A timeline displays the achievements of Reagan's first 70 days in office, a seemingly odd figure to highlight. After viewing this section, visitors walk through a door marked "Hotel Exit." In the next room, one wall is taken up with a video of a crowd of people, including policemen and Secret Service agents gathered outside the Washington Hilton as Reagan leaves after giving a speech. Suddenly, shots ring out and the room erupts in chaos. This was John Hinckley's attempted assassination of President Reagan on March 30, 1981 - his 71st day in office.

A reenactment plays on the screen of the efforts made to keep the president alive. The suit he was wearing when he was shot is on display, the front of the jacket cut off by medical personnel to access his wound. An X-ray shows how close the bullet that lodged in his lung came to his heart.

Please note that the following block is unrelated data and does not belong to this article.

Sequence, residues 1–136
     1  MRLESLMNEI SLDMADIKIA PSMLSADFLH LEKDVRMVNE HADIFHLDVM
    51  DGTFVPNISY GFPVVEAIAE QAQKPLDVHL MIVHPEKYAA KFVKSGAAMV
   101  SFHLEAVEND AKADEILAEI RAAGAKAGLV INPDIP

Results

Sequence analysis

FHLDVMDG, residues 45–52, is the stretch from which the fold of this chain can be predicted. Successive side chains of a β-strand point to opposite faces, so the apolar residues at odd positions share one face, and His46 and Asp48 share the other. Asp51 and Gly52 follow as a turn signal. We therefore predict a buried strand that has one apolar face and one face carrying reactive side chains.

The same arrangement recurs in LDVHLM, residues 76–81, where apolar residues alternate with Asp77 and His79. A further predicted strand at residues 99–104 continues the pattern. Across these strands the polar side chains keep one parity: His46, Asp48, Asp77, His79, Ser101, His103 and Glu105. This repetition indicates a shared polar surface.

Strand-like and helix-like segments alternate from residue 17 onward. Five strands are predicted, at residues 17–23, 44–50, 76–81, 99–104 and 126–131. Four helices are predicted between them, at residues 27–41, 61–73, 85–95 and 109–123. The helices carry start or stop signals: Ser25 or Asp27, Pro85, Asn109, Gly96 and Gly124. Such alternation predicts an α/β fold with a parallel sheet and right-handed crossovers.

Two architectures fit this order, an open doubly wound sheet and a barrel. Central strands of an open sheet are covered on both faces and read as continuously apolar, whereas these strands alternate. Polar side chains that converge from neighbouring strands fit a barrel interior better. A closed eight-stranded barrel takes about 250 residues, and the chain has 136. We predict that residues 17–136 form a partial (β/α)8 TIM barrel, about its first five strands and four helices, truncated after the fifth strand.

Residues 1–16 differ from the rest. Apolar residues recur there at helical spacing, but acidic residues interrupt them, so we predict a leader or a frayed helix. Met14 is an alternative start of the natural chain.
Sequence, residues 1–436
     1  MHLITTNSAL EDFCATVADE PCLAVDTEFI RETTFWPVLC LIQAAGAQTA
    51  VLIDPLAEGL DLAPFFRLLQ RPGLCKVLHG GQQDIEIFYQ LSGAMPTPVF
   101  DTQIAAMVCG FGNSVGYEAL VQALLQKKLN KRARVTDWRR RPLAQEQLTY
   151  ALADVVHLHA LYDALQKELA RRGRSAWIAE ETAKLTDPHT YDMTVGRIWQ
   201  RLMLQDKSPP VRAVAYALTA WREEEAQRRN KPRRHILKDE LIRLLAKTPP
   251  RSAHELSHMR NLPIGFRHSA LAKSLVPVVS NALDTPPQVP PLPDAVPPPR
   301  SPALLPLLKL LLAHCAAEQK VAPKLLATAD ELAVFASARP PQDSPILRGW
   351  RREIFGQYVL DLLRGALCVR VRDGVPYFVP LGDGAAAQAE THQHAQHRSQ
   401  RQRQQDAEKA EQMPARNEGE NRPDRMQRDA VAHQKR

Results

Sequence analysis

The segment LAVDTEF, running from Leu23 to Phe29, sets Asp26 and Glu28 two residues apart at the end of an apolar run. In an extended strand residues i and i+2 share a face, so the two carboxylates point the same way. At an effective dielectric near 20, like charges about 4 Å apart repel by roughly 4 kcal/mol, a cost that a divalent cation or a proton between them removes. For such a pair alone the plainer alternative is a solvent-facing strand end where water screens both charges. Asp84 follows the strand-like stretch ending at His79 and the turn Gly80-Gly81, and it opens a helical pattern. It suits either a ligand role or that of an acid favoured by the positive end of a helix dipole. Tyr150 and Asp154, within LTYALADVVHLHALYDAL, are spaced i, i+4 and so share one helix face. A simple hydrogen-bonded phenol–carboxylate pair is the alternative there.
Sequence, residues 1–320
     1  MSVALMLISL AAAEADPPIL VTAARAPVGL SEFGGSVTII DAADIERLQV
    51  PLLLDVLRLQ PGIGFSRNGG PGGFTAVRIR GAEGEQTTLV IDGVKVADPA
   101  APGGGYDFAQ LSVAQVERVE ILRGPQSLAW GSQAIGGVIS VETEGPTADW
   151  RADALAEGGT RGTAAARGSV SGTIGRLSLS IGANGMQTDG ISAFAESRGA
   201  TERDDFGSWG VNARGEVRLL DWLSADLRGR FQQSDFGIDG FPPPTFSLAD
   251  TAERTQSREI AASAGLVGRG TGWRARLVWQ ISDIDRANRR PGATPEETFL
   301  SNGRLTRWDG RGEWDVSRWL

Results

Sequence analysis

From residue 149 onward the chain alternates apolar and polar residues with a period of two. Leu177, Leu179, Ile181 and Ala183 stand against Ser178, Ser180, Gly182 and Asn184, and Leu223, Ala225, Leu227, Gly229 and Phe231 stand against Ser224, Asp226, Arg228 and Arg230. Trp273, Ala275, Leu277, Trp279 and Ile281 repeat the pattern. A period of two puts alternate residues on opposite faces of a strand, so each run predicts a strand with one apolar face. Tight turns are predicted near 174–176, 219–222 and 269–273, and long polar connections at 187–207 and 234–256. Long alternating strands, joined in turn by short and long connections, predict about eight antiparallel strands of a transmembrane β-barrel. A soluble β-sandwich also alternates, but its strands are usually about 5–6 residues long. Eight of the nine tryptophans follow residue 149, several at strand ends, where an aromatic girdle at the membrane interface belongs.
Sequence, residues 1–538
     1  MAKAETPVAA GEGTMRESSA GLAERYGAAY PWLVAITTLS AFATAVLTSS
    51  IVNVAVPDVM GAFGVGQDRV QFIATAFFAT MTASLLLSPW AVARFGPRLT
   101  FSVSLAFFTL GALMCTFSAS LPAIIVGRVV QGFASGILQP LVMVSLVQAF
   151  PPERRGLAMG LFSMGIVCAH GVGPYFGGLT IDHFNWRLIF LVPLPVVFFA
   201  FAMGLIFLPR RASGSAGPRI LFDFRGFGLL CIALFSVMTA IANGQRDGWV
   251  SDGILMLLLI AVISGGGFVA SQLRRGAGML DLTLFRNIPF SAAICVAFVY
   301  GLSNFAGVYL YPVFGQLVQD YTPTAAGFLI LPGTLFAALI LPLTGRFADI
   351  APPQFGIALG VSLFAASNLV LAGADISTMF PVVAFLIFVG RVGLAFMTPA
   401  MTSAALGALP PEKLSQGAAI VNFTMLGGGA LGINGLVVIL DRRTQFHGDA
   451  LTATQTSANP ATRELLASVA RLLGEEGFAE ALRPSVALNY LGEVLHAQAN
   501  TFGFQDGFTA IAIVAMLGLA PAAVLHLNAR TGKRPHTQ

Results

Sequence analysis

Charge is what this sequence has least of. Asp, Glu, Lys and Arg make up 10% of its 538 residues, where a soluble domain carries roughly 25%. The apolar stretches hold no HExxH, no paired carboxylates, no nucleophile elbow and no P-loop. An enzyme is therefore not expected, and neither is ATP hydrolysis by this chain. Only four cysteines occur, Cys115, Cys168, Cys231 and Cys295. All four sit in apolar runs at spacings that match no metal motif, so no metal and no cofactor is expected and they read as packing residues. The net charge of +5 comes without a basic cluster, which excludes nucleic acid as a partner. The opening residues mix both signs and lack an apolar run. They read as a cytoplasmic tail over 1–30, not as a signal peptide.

After this somber display, visitors stroll down a long corridor to an impressive sight; Air Force One is on view in the museum, the Boeing 707 used by Presidents Nixon, Gerald R. Ford, Jimmy Carter, Reagan, and George H.W. Bush. Visitors board Air Force One and are somewhat surprised to see it's not that fancy. A jar of jelly beans, Reagan's favorite snack, sits on a desk.

The next few galleries cover the high and low points of Reagan's presidency; the televised speech he gave apologizing to the American people for the Iran-Contra arms-for-hostages scandal is prominently displayed.

Whereas the Nixon museum almost glosses over his death, the Reagan museum makes you feel you were at his funeral. Many visitors stood with tears streaming as they watched the events of that day.

The Nixon and Reagan presidential libraries are compelling places for Americans to visit, no matter what their political leanings. They educate about recent American history made by those we elected to lead us. They also demonstrate that anyone, no matter how humble their roots, can become the most powerful person on Earth.


Michael Milne and his wife, Larissa, are global explorers and travel writers. You can follow their journey at www.ChangesInLongitude.com.